Global Detection & Tracking any Aircraft Anywhere Anytime spots MH370

In summary: This report by Richard Godfrey uses the Weak Signal Propagation Reporter (WSPR) to track the initial movements of MH370. Godfrey refined the path of flight MH370 by using other tracking methods and found that it crashed in the Indian Ocean near the Broken Ridge. There is still no sign of the plane and it is still unknown what caused it to vanish.
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The "Weak Signal Propagation Reporter" (WSPR) has been used in combination with other tracking methods by Richard Godfrey to refine the initial path of flight MH370 in March 2014. That flight disappeared in the Indian Ocean and two extensive underwater searches were unable to locate it.

WSPR is a computer supported protocol developed by Physicist Joseph Taylor - most noted as a 1993 Nobel Physics award for work with pulsars.
WSPR uses weak (5w), narrow (about 6hz), 2-minute signals to create "trip wires" between the transmitter and any receivers.

Godfrey's report (Global Detection and Tracking of Aircraft as used in the Search for MH370) is posted here.

It is the basis for this AirlineRatings.com report.

"Global Detection & Tracking any Aircraft Anywhere Anytime" (GDTAAA) is software developed by Richard Godfrey. He used it to track early movements of MH370 until it began heading due south. He has not yet tracked it to the end of its flight, but extending the apparent last due-south leg of the flight to the "7th arc" (Inmarsat) would land you at 94E,34S.
 
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February 17, 2021, aircraft debris, possibly from MH370 or a 777, washed up in South Africa bay.
https://www.airlineratings.com/news/new-mh370-debris-washed-south-africa/
New possible Malaysia Airlines MH 370 debris has been found in South Africa earlier this month but there has been no reaction from Malaysian officials.

According to wreck hunter, Blaine Gibson the debris was washed ashore in early February in Jeffreys Bay near Port Elizabeth, South Africa. (34°2′ S, 24°55′ E)

Earlier, debris has been found on Réunion at a beach in Saint-André. 20°57′38″S 55°39′02″E

Parts of the right wing and right stabilizer were found on the coast of Mozambique.
 
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6hz?

That's a *huge* sign wave! I thought the lowest useful RF freq was 8hz? Mind you my radar and fire control days were more than 30 years ago and I haven't been updating.

(I was a member of good standing in the weapons shop of an elite F-14 outfit.)
 
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BigDon said:
6hz?

That's a *huge* sign wave! I thought the lowest useful RF freq was 8hz? Mind you my radar and fire control days were more than 30 years ago and I haven't been updating.

(I was a member of good standing in the weapons shop of an elite F-14 outfit.)
6hz is the approximate bandwidth - not the transmit frequency.
I described it as "narrow".
It is used on bands from 30KHz to 30MHz (LF, MF, and HF).
 
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https://www.stuff.co.nz/world/asia/...und-mh370-in-major-missing-plane-breakthrough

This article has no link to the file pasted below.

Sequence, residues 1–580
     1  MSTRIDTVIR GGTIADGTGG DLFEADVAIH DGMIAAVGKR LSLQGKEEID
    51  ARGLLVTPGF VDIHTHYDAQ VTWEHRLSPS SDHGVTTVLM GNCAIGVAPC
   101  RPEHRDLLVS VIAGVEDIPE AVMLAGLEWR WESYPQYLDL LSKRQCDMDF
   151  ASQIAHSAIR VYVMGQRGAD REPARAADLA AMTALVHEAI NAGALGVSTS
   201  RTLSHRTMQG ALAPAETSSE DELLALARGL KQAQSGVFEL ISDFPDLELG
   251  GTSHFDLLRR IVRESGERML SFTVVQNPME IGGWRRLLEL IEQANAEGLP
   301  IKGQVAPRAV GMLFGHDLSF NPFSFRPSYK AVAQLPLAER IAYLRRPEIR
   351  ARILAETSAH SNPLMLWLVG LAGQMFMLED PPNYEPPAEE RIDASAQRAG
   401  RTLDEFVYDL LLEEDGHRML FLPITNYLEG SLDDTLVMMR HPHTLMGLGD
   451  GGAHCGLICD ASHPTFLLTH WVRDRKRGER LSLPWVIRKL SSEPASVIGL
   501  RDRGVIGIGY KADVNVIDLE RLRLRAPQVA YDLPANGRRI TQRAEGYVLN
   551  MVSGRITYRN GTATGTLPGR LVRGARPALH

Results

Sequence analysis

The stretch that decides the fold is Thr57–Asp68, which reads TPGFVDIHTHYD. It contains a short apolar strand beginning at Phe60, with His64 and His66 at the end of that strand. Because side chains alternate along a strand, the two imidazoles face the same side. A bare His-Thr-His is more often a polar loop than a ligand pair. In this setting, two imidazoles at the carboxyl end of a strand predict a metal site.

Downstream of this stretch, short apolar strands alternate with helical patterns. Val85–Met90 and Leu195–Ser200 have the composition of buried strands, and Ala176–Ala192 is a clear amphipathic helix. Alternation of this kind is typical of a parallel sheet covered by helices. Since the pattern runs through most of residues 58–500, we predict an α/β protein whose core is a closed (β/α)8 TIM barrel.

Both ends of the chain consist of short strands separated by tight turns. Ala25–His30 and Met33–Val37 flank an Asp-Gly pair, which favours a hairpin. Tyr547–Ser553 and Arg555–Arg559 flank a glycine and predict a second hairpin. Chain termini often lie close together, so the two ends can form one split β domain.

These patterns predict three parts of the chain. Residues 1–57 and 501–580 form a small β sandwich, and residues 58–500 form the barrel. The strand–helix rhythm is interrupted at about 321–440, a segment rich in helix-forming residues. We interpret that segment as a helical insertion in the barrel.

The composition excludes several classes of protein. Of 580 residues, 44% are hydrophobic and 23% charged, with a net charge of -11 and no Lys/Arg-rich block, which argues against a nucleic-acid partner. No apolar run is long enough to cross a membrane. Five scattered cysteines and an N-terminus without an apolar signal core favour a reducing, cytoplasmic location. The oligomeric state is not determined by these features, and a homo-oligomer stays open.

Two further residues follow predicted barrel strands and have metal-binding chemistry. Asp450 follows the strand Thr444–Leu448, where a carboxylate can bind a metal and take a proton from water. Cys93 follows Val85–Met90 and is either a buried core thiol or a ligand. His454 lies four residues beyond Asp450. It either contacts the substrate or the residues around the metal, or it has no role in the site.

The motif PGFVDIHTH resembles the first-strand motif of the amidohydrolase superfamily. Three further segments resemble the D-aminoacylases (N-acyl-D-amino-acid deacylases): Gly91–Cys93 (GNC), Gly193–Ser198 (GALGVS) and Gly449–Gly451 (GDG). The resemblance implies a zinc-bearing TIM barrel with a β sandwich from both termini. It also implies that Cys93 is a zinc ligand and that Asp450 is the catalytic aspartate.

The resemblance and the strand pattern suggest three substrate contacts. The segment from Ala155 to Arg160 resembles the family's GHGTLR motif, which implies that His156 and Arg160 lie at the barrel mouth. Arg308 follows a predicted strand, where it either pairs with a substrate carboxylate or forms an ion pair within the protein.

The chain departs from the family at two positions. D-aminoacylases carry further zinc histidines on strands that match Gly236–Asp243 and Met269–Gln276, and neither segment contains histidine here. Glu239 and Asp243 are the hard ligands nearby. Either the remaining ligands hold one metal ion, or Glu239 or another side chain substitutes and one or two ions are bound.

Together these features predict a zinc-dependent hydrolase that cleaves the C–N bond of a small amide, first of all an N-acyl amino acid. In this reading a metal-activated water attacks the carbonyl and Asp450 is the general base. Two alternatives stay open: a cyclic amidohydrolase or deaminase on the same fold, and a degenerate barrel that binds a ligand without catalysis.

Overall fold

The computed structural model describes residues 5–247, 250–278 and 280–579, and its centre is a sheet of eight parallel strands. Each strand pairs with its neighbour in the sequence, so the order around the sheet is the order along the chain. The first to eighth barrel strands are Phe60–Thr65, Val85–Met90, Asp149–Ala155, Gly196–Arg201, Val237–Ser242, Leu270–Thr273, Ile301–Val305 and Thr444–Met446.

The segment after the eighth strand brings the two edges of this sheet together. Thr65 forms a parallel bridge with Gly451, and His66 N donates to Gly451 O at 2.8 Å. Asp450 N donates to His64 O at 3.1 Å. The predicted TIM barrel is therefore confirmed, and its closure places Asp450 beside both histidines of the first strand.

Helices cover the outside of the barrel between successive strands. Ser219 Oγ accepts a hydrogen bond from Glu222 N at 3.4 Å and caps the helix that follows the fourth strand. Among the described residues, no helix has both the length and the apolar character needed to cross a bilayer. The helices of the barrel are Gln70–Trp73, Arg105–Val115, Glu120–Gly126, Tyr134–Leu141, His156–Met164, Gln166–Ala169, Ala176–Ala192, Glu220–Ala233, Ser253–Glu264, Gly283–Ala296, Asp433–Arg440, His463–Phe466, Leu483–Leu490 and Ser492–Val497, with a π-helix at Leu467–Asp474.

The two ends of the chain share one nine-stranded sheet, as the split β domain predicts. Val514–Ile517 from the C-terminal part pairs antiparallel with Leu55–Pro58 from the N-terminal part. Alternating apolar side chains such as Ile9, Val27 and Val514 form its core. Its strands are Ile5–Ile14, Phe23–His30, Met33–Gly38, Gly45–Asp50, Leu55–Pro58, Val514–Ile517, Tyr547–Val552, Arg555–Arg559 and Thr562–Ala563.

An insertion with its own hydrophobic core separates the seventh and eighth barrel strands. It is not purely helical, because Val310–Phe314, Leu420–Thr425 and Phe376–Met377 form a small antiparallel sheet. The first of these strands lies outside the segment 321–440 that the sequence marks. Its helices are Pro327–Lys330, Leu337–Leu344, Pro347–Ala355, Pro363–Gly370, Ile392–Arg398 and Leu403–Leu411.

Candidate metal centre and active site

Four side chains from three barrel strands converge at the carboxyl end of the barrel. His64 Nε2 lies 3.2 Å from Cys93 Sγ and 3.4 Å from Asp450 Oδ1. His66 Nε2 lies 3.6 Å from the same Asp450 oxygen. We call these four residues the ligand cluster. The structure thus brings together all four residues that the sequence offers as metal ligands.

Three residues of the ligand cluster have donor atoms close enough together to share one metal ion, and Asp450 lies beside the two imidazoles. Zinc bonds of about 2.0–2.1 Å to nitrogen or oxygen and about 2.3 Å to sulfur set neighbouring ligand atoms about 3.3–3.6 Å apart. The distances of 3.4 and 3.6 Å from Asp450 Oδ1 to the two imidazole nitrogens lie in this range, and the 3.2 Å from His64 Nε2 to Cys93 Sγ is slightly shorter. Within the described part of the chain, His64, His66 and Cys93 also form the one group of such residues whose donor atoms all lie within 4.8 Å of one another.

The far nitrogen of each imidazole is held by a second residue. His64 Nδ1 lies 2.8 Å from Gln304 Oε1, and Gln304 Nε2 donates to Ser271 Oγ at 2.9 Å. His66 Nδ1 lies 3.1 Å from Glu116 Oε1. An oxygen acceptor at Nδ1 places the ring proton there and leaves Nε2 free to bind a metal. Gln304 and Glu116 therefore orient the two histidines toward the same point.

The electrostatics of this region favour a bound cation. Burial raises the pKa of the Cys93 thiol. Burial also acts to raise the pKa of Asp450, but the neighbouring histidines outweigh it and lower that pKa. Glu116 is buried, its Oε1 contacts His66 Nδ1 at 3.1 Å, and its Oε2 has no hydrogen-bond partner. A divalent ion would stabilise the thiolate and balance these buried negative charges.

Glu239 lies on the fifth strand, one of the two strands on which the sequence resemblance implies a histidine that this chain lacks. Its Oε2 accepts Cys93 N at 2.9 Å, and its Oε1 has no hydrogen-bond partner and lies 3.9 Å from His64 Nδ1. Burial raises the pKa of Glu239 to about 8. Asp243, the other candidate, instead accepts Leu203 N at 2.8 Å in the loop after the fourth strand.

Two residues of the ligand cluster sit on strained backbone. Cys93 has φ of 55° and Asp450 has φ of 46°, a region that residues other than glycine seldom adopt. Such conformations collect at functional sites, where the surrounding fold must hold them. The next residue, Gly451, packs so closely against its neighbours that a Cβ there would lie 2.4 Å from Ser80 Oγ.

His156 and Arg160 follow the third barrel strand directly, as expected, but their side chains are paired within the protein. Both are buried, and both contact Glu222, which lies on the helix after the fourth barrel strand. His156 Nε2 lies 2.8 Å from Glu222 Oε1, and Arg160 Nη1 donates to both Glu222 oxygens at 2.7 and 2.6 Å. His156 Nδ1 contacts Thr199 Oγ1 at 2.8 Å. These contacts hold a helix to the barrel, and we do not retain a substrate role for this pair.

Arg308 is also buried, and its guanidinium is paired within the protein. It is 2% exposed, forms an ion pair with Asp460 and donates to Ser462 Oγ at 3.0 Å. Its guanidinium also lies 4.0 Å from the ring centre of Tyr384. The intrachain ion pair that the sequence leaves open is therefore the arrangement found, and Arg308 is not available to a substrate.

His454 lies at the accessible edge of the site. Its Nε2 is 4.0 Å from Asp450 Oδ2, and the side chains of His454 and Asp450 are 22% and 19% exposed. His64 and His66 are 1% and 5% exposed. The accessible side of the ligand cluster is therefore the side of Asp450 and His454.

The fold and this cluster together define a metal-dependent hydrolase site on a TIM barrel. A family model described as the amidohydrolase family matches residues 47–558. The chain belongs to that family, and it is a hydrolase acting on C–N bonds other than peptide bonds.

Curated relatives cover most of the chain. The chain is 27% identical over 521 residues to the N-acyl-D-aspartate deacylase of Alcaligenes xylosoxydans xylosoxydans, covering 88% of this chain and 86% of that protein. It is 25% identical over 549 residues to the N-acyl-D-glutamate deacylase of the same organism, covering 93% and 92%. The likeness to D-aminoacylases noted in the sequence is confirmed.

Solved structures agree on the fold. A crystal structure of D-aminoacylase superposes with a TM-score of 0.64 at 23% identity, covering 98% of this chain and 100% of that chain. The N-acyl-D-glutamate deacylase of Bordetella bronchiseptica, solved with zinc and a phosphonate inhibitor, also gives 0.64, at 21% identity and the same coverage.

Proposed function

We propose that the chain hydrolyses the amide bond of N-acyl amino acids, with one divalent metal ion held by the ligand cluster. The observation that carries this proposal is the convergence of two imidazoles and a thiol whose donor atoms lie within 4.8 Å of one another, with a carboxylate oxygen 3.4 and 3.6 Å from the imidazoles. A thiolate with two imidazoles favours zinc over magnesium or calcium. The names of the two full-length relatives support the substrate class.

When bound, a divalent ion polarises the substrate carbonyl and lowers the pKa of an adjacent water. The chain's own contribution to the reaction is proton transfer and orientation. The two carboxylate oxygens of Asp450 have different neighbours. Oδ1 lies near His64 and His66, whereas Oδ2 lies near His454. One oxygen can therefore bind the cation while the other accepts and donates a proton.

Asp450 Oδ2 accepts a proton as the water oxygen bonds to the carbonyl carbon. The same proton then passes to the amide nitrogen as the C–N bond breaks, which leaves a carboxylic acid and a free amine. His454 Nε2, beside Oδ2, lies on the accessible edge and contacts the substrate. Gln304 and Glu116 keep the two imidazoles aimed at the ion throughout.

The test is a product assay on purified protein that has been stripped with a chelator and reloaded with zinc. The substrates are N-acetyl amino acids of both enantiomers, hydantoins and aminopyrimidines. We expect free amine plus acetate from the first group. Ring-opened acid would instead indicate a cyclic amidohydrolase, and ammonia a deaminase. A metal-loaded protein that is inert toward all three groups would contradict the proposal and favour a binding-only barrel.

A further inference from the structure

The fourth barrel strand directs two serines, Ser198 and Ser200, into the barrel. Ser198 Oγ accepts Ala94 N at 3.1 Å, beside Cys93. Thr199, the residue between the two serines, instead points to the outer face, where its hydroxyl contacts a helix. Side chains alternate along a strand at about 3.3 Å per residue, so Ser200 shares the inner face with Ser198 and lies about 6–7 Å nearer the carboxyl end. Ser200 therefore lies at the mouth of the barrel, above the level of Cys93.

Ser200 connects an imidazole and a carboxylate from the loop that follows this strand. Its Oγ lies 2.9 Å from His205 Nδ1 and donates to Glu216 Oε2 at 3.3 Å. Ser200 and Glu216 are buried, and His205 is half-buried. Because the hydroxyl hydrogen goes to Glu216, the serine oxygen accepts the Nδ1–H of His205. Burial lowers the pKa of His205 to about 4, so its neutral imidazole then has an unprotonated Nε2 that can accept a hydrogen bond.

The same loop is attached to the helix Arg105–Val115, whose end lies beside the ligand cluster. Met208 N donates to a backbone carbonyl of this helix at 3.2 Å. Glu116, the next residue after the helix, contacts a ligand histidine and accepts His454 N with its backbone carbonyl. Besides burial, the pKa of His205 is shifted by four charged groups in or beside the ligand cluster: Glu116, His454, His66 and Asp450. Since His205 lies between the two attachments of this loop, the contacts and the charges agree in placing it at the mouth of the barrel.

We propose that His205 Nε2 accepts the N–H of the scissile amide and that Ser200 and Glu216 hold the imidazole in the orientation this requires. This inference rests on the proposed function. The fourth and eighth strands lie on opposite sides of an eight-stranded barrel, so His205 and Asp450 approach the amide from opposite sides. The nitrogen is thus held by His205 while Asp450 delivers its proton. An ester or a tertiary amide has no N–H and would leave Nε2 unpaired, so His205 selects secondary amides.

A British aerospace engineer claims to have pinpointed the precise co-ordinates where Malaysia Airlines Flight 370 crashed and dropped to the bottom of the southern Indian Ocean, injecting new hope one of aviation's great mysteries might finally be solved. According to revolutionary aviation tracking technology used by Richard Godfrey, MH370 hit the ocean 1933km west of Perth, at 33.177°S 95.300°E, with the plane falling a depth of 4000 metres to the floor below. “The prime crash location is at the foot of the Broken Ridge in an area with difficult underwater terrain,” Godfrey's report, released today, claimed. “There are mountainous outcrops and cliffs, an underwater volcano and a canyon.”
 
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1. What is "Global Detection & Tracking any Aircraft Anywhere Anytime spots MH370"?

"Global Detection & Tracking any Aircraft Anywhere Anytime spots MH370" is a system that uses advanced technology and satellite data to detect and track any aircraft in real-time, anywhere in the world. It was developed in response to the disappearance of Malaysia Airlines Flight 370 in 2014.

2. How does the system work?

The system works by using a combination of satellite data, radar data, and other aircraft tracking technologies to continuously monitor the location and movements of aircraft. It can detect and track an aircraft's position, altitude, speed, and direction of travel, and can also identify any unexpected changes in its flight path.

3. Can the system track any type of aircraft?

Yes, the system is designed to track any type of aircraft, including commercial airliners, private jets, military aircraft, and even drones. As long as the aircraft is equipped with the necessary tracking technology, the system can detect and track it.

4. How accurate is the system?

The system is highly accurate, with the ability to track aircraft within a few meters of their actual location. It can also provide real-time updates on an aircraft's position, allowing for quick and efficient response in case of emergencies or unexpected events.

5. How can the system help prevent future aircraft disappearances?

The system can help prevent future aircraft disappearances by providing real-time tracking and monitoring of aircraft, which can help authorities quickly locate and respond to any unexpected events. It can also provide valuable data for investigations and improve overall air traffic safety and security.

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